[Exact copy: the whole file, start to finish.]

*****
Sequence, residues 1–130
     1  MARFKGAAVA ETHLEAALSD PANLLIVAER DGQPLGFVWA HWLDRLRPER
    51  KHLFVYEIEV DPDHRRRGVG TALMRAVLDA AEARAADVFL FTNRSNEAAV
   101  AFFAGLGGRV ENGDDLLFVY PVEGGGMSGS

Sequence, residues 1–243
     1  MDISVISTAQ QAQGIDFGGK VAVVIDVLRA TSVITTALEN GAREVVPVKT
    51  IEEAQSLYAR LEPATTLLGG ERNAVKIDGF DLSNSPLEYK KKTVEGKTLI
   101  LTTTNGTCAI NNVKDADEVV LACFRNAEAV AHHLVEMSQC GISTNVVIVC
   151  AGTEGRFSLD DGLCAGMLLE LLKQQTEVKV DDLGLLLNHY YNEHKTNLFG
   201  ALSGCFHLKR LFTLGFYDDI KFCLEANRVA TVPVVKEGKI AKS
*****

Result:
Sequence, residues 1–130
     1  MARFKGAAVA ETHLEAALSD PANLLIVAER DGQPLGFVWA HWLDRLRPER
    51  KHLFVYEIEV DPDHRRRGVG TALMRAVLDA AEARAADVFL FTNRSNEAAV
   101  AFFAGLGGRV ENGDDLLFVY PVEGGGMSGS

Sequence, residues 1–243
     1  MDISVISTAQ QAQGIDFGGK VAVVIDVLRA TSVITTALEN GAREVVPVKT
    51  IEEAQSLYAR LEPATTLLGG ERNAVKIDGF DLSNSPLEYK KKTVEGKTLI
   101  LTTTNGTCAI NNVKDADEVV LACFRNAEAV AHHLVEMSQC GISTNVVIVC
   151  AGTEGRFSLD DGLCAGMLLE LLKQQTEVKV DDLGLLLNHY YNEHKTNLFG
   201  ALSGCFHLKR LFTLGFYDDI KFCLEANRVA TVPVVKEGKI AKS